April 27, 2017
Across almost all professions, obtaining a job is becoming increasingly difficult and competitive. Especially in the fields of medicine, business and law, candidates are expected to have actual professional experience before being hired. Internships and volunteer opportunities, however, are hard to come by, and classroom work is sometimes not enough compared to real, hands-on work experience.
Hispanic Studies Professor Luisa Briones-Manzano has begun an initiative to help students obtain professional experience through her course titled “Spanish for the Professions” with the help of the Levitt Center, which offered her a grant to teach the course. As a part of the course, students meet twice a week to discuss articles that pertain to medicine, business or law. During this time, students also role-play conversations using grammar found in those professions. As part of the course, students complete at least ten hours of mandatory community service.
“My goal is to create a course of social justice in relation with environmental issues and to incorporate experiential learning in the community through three areas: medicine, business and law” Professor Briones-Manzano said. She explained how the course originally focused on teaching vocabulary and grammar used in those specific fields through in-class texts and exercises.
Through Professor Briones-Manzano’s new proposal, however, students not only have opportunities which they can actually perform volunteer work, but also gain new perspectives on how their work impacts the world around them. Professor Briones-Manzano hopes that students “utilize the course as an effective and innovative tool for social change” and that it will “[prepare them] with academic and analytic knowledge of practical focuses arising during the 21st century in the areas of medicine, business and law.”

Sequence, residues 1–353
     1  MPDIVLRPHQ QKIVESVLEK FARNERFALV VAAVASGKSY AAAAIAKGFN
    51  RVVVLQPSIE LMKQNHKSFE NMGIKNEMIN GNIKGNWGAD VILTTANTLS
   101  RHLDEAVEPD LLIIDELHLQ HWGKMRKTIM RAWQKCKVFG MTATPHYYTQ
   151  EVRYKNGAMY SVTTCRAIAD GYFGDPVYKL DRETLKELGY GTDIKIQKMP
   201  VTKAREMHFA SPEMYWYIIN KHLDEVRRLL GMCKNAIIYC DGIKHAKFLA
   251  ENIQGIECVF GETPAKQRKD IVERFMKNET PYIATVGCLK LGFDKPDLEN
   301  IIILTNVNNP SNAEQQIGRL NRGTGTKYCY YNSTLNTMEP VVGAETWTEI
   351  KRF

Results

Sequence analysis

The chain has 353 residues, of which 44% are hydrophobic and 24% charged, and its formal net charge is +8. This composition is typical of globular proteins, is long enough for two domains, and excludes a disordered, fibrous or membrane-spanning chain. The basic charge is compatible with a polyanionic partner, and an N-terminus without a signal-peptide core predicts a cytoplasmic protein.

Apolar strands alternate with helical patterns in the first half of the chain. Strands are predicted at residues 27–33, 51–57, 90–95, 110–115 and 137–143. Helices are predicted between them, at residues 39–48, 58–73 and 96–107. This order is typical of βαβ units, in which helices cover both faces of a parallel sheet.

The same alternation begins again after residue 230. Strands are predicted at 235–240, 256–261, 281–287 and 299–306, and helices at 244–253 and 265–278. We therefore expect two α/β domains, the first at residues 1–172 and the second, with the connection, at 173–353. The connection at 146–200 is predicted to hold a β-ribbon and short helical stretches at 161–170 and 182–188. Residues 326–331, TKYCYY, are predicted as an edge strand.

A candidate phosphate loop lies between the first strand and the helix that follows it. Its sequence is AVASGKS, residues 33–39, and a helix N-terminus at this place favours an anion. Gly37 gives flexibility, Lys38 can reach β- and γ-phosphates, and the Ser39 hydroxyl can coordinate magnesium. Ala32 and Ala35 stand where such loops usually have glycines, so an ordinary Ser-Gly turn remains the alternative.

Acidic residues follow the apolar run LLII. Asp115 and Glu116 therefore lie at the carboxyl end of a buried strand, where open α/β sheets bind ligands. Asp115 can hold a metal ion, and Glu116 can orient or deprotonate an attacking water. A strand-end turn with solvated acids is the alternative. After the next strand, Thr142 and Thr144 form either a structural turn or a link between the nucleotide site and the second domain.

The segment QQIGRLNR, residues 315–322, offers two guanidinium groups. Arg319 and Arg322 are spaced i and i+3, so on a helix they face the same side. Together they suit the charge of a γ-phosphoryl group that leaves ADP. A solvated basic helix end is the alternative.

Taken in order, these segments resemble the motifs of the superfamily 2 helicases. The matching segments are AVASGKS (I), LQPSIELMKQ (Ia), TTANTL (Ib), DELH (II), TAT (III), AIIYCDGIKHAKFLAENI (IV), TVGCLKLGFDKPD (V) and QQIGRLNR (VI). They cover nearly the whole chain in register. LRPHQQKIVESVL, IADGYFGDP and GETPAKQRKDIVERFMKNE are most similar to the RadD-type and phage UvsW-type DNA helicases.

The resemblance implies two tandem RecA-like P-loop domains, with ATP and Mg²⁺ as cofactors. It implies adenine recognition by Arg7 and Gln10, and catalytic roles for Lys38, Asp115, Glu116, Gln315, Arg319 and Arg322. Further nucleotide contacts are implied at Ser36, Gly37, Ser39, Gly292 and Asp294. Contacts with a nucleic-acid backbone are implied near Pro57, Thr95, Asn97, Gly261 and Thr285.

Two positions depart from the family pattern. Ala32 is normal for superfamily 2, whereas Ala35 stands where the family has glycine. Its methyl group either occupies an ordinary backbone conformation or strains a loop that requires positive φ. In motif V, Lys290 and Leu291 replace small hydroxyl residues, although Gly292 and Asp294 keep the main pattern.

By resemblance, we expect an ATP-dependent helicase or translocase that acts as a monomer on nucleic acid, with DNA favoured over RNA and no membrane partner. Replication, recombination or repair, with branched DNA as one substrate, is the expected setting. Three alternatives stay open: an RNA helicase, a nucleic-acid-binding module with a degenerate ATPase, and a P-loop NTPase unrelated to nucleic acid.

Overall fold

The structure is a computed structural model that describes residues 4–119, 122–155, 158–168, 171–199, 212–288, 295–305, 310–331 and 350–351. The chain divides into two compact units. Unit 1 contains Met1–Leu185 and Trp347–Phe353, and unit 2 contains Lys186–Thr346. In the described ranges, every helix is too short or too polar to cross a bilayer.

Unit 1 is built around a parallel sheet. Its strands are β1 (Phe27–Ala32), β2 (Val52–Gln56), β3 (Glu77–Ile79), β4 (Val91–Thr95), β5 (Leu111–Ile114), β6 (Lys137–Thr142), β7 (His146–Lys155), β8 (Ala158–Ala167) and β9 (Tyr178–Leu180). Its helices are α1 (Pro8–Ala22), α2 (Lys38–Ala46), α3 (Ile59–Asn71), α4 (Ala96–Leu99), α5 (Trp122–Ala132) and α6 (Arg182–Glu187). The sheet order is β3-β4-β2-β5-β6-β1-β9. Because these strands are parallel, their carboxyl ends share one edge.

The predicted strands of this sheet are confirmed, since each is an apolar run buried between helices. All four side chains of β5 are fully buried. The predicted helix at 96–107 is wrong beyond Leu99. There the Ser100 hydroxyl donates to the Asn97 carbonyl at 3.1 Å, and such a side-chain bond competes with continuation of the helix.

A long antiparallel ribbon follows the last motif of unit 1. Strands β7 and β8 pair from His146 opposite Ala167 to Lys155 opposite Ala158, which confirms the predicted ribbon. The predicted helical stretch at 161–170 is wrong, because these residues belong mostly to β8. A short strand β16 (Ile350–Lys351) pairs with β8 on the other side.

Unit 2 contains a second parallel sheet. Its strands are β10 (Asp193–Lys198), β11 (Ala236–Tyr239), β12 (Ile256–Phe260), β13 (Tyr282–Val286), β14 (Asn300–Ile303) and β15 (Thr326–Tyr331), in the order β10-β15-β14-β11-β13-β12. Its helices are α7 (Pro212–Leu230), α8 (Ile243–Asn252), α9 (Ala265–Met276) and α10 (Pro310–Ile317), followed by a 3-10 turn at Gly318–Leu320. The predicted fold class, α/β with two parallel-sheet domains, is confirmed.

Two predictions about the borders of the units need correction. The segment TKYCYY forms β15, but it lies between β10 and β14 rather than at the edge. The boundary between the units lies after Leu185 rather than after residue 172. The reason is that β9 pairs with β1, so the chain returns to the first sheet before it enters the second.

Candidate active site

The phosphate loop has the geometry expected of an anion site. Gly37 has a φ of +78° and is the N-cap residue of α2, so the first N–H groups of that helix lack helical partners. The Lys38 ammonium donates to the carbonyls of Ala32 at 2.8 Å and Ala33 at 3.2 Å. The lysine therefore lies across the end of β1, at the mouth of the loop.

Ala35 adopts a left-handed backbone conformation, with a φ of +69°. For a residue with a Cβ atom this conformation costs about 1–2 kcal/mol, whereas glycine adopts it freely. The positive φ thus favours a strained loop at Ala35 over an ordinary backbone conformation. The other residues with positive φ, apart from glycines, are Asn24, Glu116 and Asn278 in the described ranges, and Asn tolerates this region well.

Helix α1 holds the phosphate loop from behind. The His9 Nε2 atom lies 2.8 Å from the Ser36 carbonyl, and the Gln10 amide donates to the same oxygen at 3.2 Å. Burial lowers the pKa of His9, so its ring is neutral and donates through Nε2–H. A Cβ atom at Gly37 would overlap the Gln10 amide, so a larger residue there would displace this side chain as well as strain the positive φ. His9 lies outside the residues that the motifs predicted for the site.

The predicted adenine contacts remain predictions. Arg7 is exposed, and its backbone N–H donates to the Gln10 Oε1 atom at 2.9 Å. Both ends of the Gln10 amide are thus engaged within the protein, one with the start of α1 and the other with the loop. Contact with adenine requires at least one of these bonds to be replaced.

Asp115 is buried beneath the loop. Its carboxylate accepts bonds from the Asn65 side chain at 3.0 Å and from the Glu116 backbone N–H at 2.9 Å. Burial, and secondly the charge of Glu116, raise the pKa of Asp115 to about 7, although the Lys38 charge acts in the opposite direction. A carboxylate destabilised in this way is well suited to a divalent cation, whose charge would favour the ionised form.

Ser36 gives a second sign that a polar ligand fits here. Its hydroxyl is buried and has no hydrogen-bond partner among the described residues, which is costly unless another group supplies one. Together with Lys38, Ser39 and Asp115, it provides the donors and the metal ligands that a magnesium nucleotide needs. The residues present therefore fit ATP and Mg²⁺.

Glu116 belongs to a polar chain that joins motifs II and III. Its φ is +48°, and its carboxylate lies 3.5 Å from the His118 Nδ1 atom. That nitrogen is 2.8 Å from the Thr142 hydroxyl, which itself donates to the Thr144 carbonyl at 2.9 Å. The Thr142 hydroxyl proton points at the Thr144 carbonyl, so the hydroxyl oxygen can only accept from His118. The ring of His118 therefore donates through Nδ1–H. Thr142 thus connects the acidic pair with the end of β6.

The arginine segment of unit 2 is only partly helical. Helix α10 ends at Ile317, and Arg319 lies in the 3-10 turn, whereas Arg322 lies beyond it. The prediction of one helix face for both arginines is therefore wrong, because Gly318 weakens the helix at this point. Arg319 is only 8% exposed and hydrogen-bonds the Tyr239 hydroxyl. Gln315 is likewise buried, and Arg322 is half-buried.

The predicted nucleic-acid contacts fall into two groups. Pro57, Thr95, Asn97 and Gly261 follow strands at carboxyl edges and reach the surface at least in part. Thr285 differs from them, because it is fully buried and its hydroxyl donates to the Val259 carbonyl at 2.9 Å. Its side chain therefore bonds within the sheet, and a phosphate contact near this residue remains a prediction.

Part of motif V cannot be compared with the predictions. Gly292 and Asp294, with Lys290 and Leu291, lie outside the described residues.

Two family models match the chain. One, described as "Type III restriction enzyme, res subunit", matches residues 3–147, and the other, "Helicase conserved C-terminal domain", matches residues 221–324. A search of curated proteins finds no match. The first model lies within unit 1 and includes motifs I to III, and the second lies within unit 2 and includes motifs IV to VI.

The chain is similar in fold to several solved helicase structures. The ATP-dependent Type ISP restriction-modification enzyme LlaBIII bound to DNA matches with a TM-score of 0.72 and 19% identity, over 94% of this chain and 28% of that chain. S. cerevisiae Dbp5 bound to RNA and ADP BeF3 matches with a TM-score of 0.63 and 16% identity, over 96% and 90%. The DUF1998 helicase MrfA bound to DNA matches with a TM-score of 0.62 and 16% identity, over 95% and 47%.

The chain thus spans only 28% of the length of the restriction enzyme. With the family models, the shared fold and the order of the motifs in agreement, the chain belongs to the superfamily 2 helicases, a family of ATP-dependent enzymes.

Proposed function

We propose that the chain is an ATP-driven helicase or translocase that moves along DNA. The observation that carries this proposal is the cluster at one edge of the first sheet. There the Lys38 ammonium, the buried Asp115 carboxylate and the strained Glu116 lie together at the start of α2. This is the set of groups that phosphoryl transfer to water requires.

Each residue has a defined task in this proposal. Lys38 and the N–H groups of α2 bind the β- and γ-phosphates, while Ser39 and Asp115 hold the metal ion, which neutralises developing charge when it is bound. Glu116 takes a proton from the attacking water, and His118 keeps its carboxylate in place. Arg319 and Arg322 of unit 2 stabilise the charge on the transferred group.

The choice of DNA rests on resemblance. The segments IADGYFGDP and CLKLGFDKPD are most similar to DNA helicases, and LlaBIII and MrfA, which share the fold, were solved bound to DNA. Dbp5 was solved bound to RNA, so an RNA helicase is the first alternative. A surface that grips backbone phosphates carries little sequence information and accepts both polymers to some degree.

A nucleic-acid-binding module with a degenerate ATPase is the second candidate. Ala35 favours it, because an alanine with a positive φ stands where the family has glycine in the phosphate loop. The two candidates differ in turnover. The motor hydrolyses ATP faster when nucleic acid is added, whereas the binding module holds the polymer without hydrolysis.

As a part of the community service requirement, students work with social services in the Utica area through non-profit organizations, including organizations such as Academy of Science or Hamilton Microfinance. By working with services in specifically the Utica area, the professor hopes that students can create a relationship with the Latino community using their knowledge of the Spanish language.
Pre-med and Spanish major Emma Weller ’19 thought the class would be a great way to combine her two interests and prepare for her future career, especially as for her, “[the class] offered practical applications of the Spanish language.”
“My favorite part of the course was the mandatory community service. I ended up volunteering with Project Shine and went to an adult education center,” Weller commented. Project Shine is a program in Utica where volunteers teach English to refugees and immigrants. “There, I helped immigrants from all over the world learn English. These people had come to America for various reasons and wanted to learn English so that they could get jobs or go back to school. All of the students that I helped were resilient and admirable. They came to a place where they didn’t know the language and or any other people, to help their families.”
Biochemistry and Hispanic Studies double major Emily De Jong ’19 also takes the class.
“My favorite part of the course was having debates with other students on controversial issues, or on issues that I never realized were controversial,” she expressed. “This class opened my eyes to the impact of cultural differences on how we work, communicate and interact. During the discussions, instead of speaking to focus on verb tenses and adjective agreements, we spoke to make a point. We spoke with conviction and excitement, and the language became a tool instead of a barrier.”
Through courses such as “Spanish for the Professions,” students have the opportunity to actively help their community reach social change. By volunteering, they also gain professional experience for their future careers. Such social innovation projects are great ways for students to become more prepared for the real world, and for others, especially in the community, to benefit from the help of Hamilton students.